Kitchen Cabinet Delivery Day Is Coming!

The day is finally coming, after all the time, the planning, the labor, and let's not forget, the angst, (just a little bit somewhere). So, what's going to happen? How will it all unfold, and is there anything you need to know? In a word, YES. Here are some tips to make the day go smoothly, and be as exciting as it should be:

  • Start two weeks ahead and review your contract. If extra items were ordered, or any items cancelled, settle up with your designer sooner than later.
  • Note the method of payment on your contract! Is your payment designated to be via bank check? If so, have your funds in order in advance to avoid any unforeseen difficulties.
  • Still 2 weeks in advance, get the day and time of day of your delivery so you can plan accordingly. Be home, or your delivery may not be able to take place if there is no access into the house previously arranged, and as a result, you may be responsible for a redelivery charge. Often, your kitchen is one of several being delivered that day, therefore, it is critical that the cabinets be delivered, or the other kitchens may not be able to be delivered to their destinations, and even if they can be, your cabinets will be moved around in the truck. This is not a day to be forgetful. For me, the designer, it is a high stress day, always, to have it all orchestrated properly, as you will continue to see below!
  • Tell your designer to keep you in the loop as to any changes in delivery time in advance, or even that day, to be aware if the schedule is still accurate.
  • Consider the path into your home. If floors are newly finished, make arrangements to have building paper put down in advance. This step is most likely not in your contract, and can be as simple as putting down drop cloths. My recommendation is to address it in advance with your designer. There may or may not be a charge attached, if you want all of your floors covered with building paper. Consider where you will store the cabinetry. If you realize that you have nowhere to store them, due to project delays, call a storage facility or see if you can delay delivery (sometimes you can, but probably not likely). You want the cabinetry handled as little as possible, therefore, try to make it just one stop.
  • Is your address confusing? Are there two streets with the same name in your township? Advise your designer, who may not know this, or you will be waiting unnecessarily.  
  • If it is winter and you are in a cold climate, or hot and humid, do not store your cabinetry in your garage! Your cabinetry should be in a climate controlled environment. Think of it as furniture.
  • Do you live on a driveway that is up or down a large hill? Make sure that it is completely clear and accessible, and all pathways clear of snow, ice, and debris, or the delivery may not be able to take place.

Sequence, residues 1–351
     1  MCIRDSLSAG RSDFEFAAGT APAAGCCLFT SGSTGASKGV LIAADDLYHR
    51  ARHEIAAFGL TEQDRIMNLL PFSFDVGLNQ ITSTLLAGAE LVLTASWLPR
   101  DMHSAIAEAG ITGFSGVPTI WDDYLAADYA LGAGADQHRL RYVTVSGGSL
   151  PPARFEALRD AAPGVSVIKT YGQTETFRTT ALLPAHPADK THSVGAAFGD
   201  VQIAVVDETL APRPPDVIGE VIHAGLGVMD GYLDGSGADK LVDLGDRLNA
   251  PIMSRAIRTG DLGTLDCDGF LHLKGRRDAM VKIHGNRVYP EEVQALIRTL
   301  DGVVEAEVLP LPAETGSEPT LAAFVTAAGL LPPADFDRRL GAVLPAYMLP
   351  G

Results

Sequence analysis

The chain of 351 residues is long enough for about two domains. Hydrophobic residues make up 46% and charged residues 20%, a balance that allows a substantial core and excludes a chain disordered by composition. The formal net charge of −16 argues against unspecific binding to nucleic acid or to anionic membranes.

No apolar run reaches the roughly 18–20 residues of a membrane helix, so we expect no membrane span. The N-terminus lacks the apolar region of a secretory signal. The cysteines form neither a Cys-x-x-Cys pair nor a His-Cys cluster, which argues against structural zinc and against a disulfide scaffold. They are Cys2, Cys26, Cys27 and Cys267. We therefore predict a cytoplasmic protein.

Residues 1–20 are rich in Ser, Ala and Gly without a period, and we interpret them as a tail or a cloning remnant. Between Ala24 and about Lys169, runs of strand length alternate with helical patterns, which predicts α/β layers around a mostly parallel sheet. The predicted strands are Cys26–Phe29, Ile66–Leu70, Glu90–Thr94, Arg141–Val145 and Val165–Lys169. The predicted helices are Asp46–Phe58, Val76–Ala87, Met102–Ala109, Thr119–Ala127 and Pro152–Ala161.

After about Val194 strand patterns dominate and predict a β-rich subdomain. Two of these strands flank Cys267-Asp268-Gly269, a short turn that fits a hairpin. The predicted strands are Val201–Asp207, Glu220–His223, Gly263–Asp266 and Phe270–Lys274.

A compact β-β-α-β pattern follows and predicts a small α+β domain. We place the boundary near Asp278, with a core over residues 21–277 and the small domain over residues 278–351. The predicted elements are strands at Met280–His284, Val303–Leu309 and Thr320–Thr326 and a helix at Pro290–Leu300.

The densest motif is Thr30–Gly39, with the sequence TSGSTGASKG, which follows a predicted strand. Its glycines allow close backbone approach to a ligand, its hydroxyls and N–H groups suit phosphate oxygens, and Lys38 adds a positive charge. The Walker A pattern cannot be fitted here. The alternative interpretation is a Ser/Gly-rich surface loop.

• You are permitted to be controlling(!) and if you think of it, ask your designer to stack your cabinetry efficiently (in two layers vertically) and carefully. It does not hurt to occasionally keep an eye on how the cabinets are being brought into your home and ask questions/make suggestions where you see the need to. I always tell those who move the cabinetry into a home to understand that it should be treated as if it is glass. I hover and watch and remind and direct in a nice and professional manner. I will ask that items be rearranged. That's ok to do. 
  • Plan to be home if possible during your delivery. Find out if your designer or his/her representative will be present at delivery and will supervise. ideally, you want someone to stand at the back of the truck to determine if any cabinets are transported off the truck in a damaged state, (a rarity). This is critical. Any damage should be noted on the delivery receipt, which your designer will keep a copy of.
  • Do not worry if anything is damaged or missing. Your contract should protect you in terms of missing items and manufacturer's defects. It rarely happens. Sometimes the factory will not advise the design firm that they are "shipping short".  Your contract is your promise that all materials will be delivered in good condition. Check that on the front end, not the day of delivery.
  • Do you have to tip those who move the cabinetry? No. If you want to, that is up to you. It is not expected.

I would guess that NONE of my clients follow the advice above in regard to the day of delivery and are often not present, and everything ends up fine. However, a word to the wise...

I'll bet you did not think there were so many issues involved during the day of delivery! 

HEY! That's one of my kitchens on the side of the truck! And, it's for real!  :-) Too bad it never comes to my part of the country.

susan serra truck.jpg

Posted on April 3, 2007 and filed under Project Management.